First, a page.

Accept private ads. Is there a local golf course that might want to advertise on your site?
These are just a few of the ways you can monetize your blog. There are also the typical AdSense ads and Amazon links. You can even sell your blog for a profit.
In fact, many sports-related sites have reached relatively high values in the resale market. GarageGymPro, a blog which mainly only provided content was sold at a whopping price of over $110,000 while BowGrid, a younger site, went for more than $7,500.
Is a Golfing Blog for You?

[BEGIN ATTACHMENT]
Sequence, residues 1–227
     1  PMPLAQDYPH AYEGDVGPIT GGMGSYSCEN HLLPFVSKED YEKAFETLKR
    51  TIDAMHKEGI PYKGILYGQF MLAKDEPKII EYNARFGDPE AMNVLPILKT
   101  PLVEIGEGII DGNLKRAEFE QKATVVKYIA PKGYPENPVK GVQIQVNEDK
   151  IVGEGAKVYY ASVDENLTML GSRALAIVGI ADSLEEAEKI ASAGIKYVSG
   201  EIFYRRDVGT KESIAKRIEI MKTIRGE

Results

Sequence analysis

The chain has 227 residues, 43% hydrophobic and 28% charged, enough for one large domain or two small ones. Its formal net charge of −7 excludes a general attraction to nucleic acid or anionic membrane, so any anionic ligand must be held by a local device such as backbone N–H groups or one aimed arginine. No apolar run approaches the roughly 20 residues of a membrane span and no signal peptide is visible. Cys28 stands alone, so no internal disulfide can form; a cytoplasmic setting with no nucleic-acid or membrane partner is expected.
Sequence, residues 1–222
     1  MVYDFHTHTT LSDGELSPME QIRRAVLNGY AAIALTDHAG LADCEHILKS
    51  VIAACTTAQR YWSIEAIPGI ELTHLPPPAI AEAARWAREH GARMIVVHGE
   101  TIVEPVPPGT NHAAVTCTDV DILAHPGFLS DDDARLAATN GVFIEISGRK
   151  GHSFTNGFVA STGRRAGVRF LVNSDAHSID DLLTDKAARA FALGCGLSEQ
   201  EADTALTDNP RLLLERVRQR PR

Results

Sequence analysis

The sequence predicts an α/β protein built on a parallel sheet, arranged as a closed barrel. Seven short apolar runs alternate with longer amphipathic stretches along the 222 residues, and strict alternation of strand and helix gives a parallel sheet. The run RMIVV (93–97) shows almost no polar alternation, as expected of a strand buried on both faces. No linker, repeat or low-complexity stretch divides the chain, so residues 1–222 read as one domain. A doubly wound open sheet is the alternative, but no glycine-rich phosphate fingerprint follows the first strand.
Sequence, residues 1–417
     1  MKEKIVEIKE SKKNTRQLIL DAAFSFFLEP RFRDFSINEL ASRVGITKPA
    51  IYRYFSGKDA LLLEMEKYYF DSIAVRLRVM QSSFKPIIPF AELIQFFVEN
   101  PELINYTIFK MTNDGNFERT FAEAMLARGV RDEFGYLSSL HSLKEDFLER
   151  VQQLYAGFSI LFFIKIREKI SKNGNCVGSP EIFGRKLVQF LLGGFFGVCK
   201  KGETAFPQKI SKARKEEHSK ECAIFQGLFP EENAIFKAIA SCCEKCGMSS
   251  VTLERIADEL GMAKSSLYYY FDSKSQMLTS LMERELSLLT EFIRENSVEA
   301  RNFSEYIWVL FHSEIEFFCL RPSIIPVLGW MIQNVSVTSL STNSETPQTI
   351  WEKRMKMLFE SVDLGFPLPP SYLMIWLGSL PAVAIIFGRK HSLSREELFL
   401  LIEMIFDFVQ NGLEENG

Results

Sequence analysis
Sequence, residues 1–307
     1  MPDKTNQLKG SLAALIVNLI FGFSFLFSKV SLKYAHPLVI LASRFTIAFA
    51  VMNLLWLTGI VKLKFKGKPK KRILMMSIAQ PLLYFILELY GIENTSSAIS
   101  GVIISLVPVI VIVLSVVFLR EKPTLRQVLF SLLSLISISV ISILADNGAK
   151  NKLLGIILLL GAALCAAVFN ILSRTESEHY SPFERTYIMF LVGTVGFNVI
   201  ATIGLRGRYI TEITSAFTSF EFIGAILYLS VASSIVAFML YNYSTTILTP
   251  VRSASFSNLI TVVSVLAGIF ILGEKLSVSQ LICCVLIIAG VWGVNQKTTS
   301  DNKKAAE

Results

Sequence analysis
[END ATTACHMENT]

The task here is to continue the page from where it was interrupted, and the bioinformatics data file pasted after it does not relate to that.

Although it is a full field, if you truly love the game of golf, there is always room for another great golf blogger. As Neil Sagebiel said, “Be yourself and have fun. It's your blog, after all. Write and share on topics and stories that stir your own interest and passion. This will be evident to others and hopefully attract an audience.”
About Lori Soard
Lori Soard has been working as a freelance writer and editor since 1996. She has a bachelor's in English Education and a PhD in Journalism. Her articles have appeared in newspapers, magazines, online and she's had several books published. Since 1997, she has worked as a web designer and promoter for authors and small businesses. She even worked for a short time ranking websites for a popular search engine and studying in-depth SEO tactics for a number of clients. She enjoys hearing from her readers.